Kamaladevi Chattopadhyay: The Leader of Indian Crafts

April 3, 2018 Author: munishmishra04_3od47tgp
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Writer. Social reformer. Freedom fighter. Feminist. Actor. Politician. Proponent of handicrafts. Promoter of performance art. So many powerful roles would seldom be used to talk about one single person. Kamaladevi Chattopadhyay (1903-1988) was a remarkable woman of many passions and gifts. She played an important role in the struggle for Indian independence and was similarly a key figure in the international socialist feminist movement.



She was India’s ambassador to Asia and Africa, an articulate and unflinching exponent of the idea of decolonization, and one of the earliest advocates of the idea of the global South. A staunch champion of women’s rights, she held views on women’s equality that continue to resonate in our times.

She was India’s ambassador to Asia and Africa, an articulate and unflinching exponent of the idea of decolonization, and one of the earliest advocates of the idea of the global South. A staunch champion of women’s rights, she held views on women’s equality that continue to resonate in our times.

Recognized as the leader of Indian arts and crafts Kamaladevi was the driving force behind several initiatives such as the Crafts Council of India and the Central Cottage Industries Emporium. Born in 1903, Kamaladevi was married off at a very young age. She became involved in India’s freedom movement and worked alongside several prominent freedom fighters for India’s independence.

kamala

Early Life

Born on April 3, 1903 into a Saraswat Brahmin family in Mangalore, Kamaladevi was the fourth and youngest daughter of Ananthaya Dhareshwar (a district collector in South Kanara district of the then-Madras Presidency) and his wife Girijamma.

Kamaladevi’s early childhood was dotted by a succession of tragedies. The first of these were when Kamaladevi’s elder sister, Saguna, whom she was very close to, died in her teens soon after an early marriage. Soon after, at the age of seven, she lost her father. To compound the tragedy, he left no will and the ownership of all his properties were transferred to his son from his first marriage, leaving his second wife and surviving daughter in the lurch.

So Kamaladevi grew up at the home of her maternal uncle who was a notable social reformer. He was often visited by political luminaries and public figures, like Gopalkrishna Gokhale, Sir Tej Bahadur Sapru, Mahadev Govind Ranade, Srinivasa Sastri, Annie Besant and Pandita Ramabai.

Kamaladevi’s interactions with these eminent personalities sowed the seeds of political consciousness in her mind when she was still a young girl. However, it was her educated mother and enterprising grandmother who left the deepest impression on her mind. It was from them that she inherited her independent streak and lifelong love for books.



In 1917, 14-year-old Kamaladevi was married off but her husband died within a year of the marriage, leaving her a widow. However, her father-in-law was liberal-minded and encouraged her to continue to education. She took his advice to heart and for the next few years, she devoted herself to studies.

After finishing her school education in Mangalore, Kamaladevi joined Queen Mary’s College in Madras, where she developed friendship with Suhasini Chattopadhyay.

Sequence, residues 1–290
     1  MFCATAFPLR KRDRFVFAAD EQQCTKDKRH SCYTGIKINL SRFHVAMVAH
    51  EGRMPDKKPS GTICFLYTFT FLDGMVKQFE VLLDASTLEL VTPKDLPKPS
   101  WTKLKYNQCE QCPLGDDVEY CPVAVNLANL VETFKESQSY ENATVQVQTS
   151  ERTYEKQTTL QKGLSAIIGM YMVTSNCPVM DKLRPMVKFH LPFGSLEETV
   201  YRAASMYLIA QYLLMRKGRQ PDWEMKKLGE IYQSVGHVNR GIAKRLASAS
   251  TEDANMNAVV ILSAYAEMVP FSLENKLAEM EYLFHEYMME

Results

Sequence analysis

Suhasini was the younger sister of Sarojini Naidu and it was through her that Kamaladevi met Harindranath ‘Harin’ Chattopadhyay (Suhasini’s elder brother).

in Shimla conference

Kamla Devi Chattopadhyay and Sarojini Naidu at the Shimla Conference in July, 1945

It was Kamaladevi’s impassioned belief in the artistic heritage of India, that India owes the revival of its handicrafts post-independence. With exceptionally varied contributions to different spaces of socio-cultural-political spheres in India from 1920 to the late 80s, she, above all, pioneered a range of feats.

  • She was among the first to break orthodox society rules against widow marriages. (1the 920s)
  • She was the first woman in India to run for a legislative seat. (1926)
  • She founded the All-India Women’s Conference (AIWC) and became its first Organizing Secretary. (1927)
  • She was the first Indian woman to be arrested. (1930)
  • She was among the first women to participate in the Salt Satyagraha.
  • Hers was the first legal divorce granted by the courts of India. (1933)

Awards and Recognition

  • 1955, the Padma Bhushan of the Government of India.
  • 1966, the Ramon Magsaysay Award for Community Leadership.
  • 1974, the Lifetime Achievement Award of the Sangeet Natak Akademi, the Ratna Sadasya.
  • 1977, the UNESCO Award for promotion of handicrafts.
  • 1987, the Padma Vibhushan of the Government of India.
  • Charles Eames’ Award for contributing to the Quality of Life in India.




References

[1] “Inspiring Woman of The Day: Kamaladevi Chattopadhay”, available online at: http://www.womensweb.in/articles/inspiring-woman-kamaladevi-chattopadhyay/

[2] Sanchari Pal, “A Freedom Fighter with a Feminist Soul, This Woman’s Contributions to Modern India Are Staggering!” available online at: https://www.thebetterindia.com/94158/kamaladevi-chattopadhyay-feminist-freedom-fighter-cooperatives-faridabad/

[3] Kamaladevi Chattopadhyay, “A Passionate Life: Writings by and on Kamladevi Chattopadhyay”, August 15, 2017, available online at: https://www.amazon.com/Passionate-Life-Writings-Kamladevi-Chattopadhyay/dp/9384757837

[4] “Kamaladevi Chattopadhyay – the Torchbearer of Indian Crafts”, March 8, 2018, available online at: https://www.sarangithestore.com/blogs/rustle-of-silk/kamaladevi-chattopadhyay-the-torchbearer-of-indian-crafts

[5] Photo Resource,  https://twitter.com/pib_india/status/763629136753590272?lang=en

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